Crude oil prices have plummeted. Why not prices at the pump?
Pricewatch: There are several reasons for the apparent rip-off but the main one is tax
If a litre of fuel costs €1.40, about 90 cent of it goes straight to the taxman. Photograph: Lewis Whyld/PA Wire
A man called John contacted us to see if we could “challenge the consumer rip-off at the pumps”.
Clearly annoyed, he pointed out that crude oil wholesale prices had declined dramatically in recent days as a result of the spread of coronavirus and a dispute between Saudi Arabia and Russia. The price of a barrel of oil had fallen over 30 per cent from $68 to $45 while the euro had strengthened versus the US dollar. “Yet the price of diesel per litre at pumps fell maybe 3c or 4c. The only logical conclusion is that the consumer is being ripped off.”
In fact, by the time we got to read his email, the price of a barrel of Brent Crude was closer to $34 a barrel and oil prices had fallen on a scale not seen in a generation. But despite precipitous declines on international markets, price falls on our forecourts seemed negligible.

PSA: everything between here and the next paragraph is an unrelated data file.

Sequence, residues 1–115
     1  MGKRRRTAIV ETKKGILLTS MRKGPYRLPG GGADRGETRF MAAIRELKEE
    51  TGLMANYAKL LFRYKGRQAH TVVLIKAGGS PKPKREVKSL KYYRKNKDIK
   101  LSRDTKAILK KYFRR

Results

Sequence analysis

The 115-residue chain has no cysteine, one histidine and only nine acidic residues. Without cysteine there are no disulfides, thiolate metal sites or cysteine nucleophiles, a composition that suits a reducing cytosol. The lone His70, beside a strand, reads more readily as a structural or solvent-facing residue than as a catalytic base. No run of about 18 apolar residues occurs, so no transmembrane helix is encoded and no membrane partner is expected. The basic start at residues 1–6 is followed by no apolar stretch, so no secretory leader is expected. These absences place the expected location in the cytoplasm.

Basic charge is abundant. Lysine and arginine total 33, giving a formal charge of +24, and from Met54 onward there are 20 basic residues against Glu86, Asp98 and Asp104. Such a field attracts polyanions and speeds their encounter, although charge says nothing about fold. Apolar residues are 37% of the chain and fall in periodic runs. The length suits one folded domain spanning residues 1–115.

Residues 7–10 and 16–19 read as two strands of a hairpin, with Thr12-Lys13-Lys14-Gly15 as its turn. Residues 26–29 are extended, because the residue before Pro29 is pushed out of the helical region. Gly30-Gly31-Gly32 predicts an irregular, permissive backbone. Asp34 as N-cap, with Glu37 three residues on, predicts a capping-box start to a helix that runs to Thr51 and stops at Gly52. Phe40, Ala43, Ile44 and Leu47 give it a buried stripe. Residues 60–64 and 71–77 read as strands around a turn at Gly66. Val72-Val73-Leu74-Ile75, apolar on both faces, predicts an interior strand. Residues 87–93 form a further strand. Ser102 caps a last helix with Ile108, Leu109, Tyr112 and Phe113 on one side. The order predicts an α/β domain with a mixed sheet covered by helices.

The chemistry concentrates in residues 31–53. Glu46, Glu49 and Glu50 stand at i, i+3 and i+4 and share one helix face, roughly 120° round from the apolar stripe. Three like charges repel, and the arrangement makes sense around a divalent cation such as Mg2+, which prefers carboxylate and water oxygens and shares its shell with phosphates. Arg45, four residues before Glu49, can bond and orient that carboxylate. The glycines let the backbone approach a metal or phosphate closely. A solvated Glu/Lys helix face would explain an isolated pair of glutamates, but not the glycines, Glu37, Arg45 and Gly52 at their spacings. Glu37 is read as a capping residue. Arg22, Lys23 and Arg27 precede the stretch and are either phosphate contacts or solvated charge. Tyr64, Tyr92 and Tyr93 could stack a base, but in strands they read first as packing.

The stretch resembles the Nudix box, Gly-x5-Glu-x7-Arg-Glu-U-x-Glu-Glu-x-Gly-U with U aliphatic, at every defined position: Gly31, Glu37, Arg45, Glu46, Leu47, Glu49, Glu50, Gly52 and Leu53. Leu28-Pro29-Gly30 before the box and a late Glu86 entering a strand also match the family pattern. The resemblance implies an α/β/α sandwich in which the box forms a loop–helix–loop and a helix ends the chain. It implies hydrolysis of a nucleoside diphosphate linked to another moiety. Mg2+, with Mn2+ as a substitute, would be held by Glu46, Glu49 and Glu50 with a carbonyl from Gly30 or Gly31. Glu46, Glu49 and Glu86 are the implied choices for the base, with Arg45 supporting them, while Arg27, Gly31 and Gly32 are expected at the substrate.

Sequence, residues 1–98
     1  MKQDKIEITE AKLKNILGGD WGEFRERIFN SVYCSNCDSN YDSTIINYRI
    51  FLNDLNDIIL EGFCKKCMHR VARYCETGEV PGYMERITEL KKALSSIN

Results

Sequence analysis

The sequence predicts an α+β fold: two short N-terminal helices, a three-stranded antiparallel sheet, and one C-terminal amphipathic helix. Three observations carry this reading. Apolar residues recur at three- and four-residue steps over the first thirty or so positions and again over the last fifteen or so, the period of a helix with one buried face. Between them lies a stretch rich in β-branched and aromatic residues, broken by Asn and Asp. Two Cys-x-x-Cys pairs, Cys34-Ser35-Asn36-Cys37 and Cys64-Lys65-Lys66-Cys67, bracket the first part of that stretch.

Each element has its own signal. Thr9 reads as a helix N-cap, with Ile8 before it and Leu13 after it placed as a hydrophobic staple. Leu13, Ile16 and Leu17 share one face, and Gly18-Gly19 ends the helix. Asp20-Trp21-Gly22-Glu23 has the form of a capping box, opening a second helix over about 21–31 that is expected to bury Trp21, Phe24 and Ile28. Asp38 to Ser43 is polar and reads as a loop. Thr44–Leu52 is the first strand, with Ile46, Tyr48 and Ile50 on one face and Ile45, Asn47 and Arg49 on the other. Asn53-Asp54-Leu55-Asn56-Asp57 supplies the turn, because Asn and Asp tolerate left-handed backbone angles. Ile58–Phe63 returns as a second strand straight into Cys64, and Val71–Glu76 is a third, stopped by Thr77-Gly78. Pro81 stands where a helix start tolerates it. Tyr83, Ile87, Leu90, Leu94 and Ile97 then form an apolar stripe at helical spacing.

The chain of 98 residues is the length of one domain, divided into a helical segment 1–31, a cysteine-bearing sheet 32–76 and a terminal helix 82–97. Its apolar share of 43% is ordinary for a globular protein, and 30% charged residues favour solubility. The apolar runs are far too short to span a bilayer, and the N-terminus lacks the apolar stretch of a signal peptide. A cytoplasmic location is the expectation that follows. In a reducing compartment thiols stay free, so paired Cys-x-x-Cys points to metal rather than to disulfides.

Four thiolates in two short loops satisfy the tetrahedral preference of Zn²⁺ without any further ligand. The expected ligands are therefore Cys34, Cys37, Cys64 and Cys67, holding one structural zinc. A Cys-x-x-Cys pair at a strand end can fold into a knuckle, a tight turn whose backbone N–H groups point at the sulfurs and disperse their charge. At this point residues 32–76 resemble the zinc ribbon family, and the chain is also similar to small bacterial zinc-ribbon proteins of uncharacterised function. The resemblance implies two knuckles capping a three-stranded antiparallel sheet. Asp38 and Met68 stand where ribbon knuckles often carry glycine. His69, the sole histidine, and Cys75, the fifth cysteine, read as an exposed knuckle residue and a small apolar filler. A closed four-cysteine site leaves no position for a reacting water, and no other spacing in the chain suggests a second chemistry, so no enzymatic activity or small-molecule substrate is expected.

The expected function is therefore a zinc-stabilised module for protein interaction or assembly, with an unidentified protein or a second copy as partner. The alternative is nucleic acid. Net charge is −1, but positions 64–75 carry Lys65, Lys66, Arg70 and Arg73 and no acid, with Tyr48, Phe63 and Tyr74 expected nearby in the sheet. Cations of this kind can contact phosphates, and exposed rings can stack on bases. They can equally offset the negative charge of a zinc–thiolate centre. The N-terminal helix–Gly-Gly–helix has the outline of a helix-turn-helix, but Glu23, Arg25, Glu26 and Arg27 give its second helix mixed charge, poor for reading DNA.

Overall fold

This is not the first time wholesale prices and the price we pay at our local garage have been out of whack, and it is hardly surprising that when it happens many people blame petrol companies and accuse them of making easy money.
That is not the actually the case – or at least the only reliable evidence we have would suggest it is not the case. The only major study into fuel prices in Ireland was carried out by what was then known as the National Consumer Agency almost a decade ago.
It found that Irish petrol companies did not artificially inflate prices. Figures from other sources, including the AA, have also routinely shown that forecourt fuel prices in Ireland do track international pricing pretty faithfully.
So why does it seem like we are being ripped off? There are several reasons for that but the main one is tax. Most of what we pay at the pump is made up of various taxes placed on petrol and diesel. In fact, if a litre of fuel costs €1.40, about 90 cent of it goes straight to the taxman. That means about 50 cent has to be divvied up between the people who get the oil out of the ground, those who refine it and those who ship it to Ireland as well as those who actually sell it to drivers here. According to multiple sources, retailers here make about 5 cent on each litre of fuel sold.
Another factor is timing. If a garage buys its stock of petrol and diesel and pays a certain price, it has no real option but to sell it to drivers at a certain price, irrespective of what happens on global markets.
Having said that, with the price of crude oil now at one of the lowest levels in a generation, the prices on forecourts will have to fall and fall quickly. In the past, when crude prices have been hovering at $30-$40 dollars a barrel, the price of a litre of fuel to consumers should be about €1.20 or so. And that is the price you should be expecting to see in the days and weeks ahead.